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#32 Bass_Slayer

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Posted 25 September 2014 - 10:05 AM

Say this all goes down and they do finish and begin pumping, what can we do then? I've been thinking about this and the fall out from such a disaster. I for one won't stand around when I goes down. I've confronted poachers with force before and these clowns are no different. The more I think about it the more I think about my son, the next generation, and the footprint ours leaves. If it becomes operational....I hate to say it but your gonna see Bass_Slayer on the CTV news. I know I won't be alone.

  This site has the most passionate fishermen in the province trolling it and from time to time we clash with one another, that is no secret, but sneak around legislation and manipulate all of us coltectivly ....not a wise move. It looks bad...it looks like someone was payed off , but the one thing they havn't taken into account is what happens after there operational. The fishermen and Natives are going to see the bass slowly (or rapidly) disappear and where this is the last spawning grounds for Bay of Fundy striped bass, there will be a rebellion. That I can Promise


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#33 Bass_Slayer

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Posted 25 September 2014 - 12:09 PM

There is a presentation tonight at Stewiake town Hall at 7pm. Alton Gas is putting on the presentation and is open to the public.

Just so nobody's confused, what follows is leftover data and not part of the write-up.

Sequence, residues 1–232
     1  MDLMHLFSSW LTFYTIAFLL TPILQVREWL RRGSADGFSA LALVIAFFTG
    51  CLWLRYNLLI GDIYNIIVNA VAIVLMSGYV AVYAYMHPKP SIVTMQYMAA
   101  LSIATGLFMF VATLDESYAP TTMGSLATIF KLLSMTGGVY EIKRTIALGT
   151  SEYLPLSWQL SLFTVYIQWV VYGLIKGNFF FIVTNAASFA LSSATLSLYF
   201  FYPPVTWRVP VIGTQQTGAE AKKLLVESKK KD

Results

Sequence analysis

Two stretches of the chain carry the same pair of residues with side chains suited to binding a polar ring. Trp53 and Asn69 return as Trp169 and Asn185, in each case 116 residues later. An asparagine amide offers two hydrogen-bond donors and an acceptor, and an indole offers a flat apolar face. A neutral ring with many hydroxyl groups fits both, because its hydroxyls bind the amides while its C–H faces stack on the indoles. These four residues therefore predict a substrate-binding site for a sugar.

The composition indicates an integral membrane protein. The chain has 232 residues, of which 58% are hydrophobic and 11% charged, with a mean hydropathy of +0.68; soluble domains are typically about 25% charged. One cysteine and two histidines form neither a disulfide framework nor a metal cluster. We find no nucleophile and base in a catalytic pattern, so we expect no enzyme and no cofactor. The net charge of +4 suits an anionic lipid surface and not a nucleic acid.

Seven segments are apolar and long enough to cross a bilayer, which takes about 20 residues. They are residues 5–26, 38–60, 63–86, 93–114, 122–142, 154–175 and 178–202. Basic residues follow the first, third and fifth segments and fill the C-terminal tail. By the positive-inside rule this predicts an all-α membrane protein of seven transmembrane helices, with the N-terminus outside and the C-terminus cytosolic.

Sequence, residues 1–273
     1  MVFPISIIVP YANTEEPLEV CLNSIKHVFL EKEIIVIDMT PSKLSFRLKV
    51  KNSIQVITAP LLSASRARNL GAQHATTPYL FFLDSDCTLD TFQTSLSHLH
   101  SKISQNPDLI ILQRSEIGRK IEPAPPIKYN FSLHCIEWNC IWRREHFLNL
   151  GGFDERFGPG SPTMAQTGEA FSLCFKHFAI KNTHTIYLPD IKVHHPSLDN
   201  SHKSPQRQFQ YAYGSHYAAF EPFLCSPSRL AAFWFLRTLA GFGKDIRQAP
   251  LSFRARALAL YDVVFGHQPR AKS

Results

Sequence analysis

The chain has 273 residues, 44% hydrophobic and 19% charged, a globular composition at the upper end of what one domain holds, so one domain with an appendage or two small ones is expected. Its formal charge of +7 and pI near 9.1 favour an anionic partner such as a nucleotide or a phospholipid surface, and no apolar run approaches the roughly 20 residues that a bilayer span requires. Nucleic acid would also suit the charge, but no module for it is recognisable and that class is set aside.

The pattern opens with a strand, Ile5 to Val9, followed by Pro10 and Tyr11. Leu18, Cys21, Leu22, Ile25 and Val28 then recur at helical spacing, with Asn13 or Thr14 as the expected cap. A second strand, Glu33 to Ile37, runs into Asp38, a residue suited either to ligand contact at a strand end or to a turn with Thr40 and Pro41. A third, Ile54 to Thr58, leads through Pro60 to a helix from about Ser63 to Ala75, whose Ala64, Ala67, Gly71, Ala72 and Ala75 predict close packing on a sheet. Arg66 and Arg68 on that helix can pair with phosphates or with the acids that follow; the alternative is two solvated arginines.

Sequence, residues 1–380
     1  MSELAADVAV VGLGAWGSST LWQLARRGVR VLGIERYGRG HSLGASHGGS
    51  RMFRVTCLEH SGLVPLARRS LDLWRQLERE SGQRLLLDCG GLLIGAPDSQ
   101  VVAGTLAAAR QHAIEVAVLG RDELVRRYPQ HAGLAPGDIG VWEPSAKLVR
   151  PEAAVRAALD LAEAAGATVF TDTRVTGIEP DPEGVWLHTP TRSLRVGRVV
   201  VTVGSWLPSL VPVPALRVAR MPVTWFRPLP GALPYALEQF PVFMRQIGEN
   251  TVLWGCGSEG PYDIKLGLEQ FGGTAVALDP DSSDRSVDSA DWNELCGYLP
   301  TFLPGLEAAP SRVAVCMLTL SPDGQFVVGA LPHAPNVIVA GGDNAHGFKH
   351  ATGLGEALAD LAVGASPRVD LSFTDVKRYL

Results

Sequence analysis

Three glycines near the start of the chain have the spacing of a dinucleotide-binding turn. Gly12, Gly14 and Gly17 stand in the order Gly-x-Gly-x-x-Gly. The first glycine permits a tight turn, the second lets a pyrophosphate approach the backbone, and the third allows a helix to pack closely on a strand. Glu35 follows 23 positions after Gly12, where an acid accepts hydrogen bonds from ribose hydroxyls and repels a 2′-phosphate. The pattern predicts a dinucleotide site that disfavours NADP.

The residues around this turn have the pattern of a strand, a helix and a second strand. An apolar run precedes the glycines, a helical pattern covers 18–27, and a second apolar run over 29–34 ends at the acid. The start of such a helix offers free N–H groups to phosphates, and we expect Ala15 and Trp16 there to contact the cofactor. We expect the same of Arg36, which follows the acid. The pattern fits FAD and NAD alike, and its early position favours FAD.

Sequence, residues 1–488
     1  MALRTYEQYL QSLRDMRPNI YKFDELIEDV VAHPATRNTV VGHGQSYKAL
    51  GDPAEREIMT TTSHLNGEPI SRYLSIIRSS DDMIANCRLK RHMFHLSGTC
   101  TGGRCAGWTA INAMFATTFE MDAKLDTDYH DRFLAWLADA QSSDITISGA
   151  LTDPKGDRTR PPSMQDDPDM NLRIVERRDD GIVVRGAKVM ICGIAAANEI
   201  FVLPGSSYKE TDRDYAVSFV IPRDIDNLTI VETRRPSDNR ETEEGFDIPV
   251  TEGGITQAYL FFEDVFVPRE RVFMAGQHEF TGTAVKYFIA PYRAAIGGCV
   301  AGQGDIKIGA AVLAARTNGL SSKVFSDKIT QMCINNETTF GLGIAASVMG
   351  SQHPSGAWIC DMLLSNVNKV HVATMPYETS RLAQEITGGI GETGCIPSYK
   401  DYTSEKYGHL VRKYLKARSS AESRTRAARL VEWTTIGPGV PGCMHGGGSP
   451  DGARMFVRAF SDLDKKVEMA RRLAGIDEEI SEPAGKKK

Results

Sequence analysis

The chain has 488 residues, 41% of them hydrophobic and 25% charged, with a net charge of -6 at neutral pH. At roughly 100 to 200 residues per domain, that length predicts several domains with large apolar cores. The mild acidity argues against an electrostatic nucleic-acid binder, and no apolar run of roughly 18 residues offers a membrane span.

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#34 Linesider

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Posted 25 September 2014 - 04:43 PM

There is a presentation tonight at Stewiake town Hall at 7pm. Alton Gas is putting on the presentation and is open to the public.

Wish i had known about this :( and i totally agree with all you said above


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#35 Shimanoman

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Posted 25 September 2014 - 08:04 PM

BS,  With Respect,

      This is NOT the last spawning ground for Stripers in Canada.  It is the last of 3 previous ones, all on the Bay of Fundy.  There are other locations still viable in Canada.  If we, as recreational anglers wish to have our voices heard and actually listened to, we MUST do our homework and research, provide legitimate, well thought out arguments which will stand up to examination by the most critical eyes (the folks whose minds you are trying to change and influence (policy makers and most likely the same politicians you  accuse of being "paid off")).  We, as a group, must be smarter than that by keeping our personal vitriol in check.  We then, as a lobby group will have retained our credibility and will not provide any policy maker with the ammunition to be able to write us off as a bunch of ill-informed rednecks not worthy of their attention.

 

       Believe it or not, some of those same folks (or their advisers) actually read posts in forums such as these.

 

Regards..... 


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Life is too short, to take too much, too seriously, for too long ....Vernon P.Fraser

#36 Bass_Slayer

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Posted 25 September 2014 - 09:13 PM

SM,

Sorry in a passionate moment I wrote canadian instead of BOF and have toned the post down a notch. I've known the patterns and populations for years, just a simple typo on my part my apologies.  I hope they do read my post so they might understand the severity of this... Ive also restated thats it "looks bad" and it "looks like" someone was payed off along the way. How else would it have gotten this far? You tell me? Legally?  Somebodies getting PAID


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#37 SalmoSolar

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Posted 26 September 2014 - 05:14 AM

BS,  With Respect,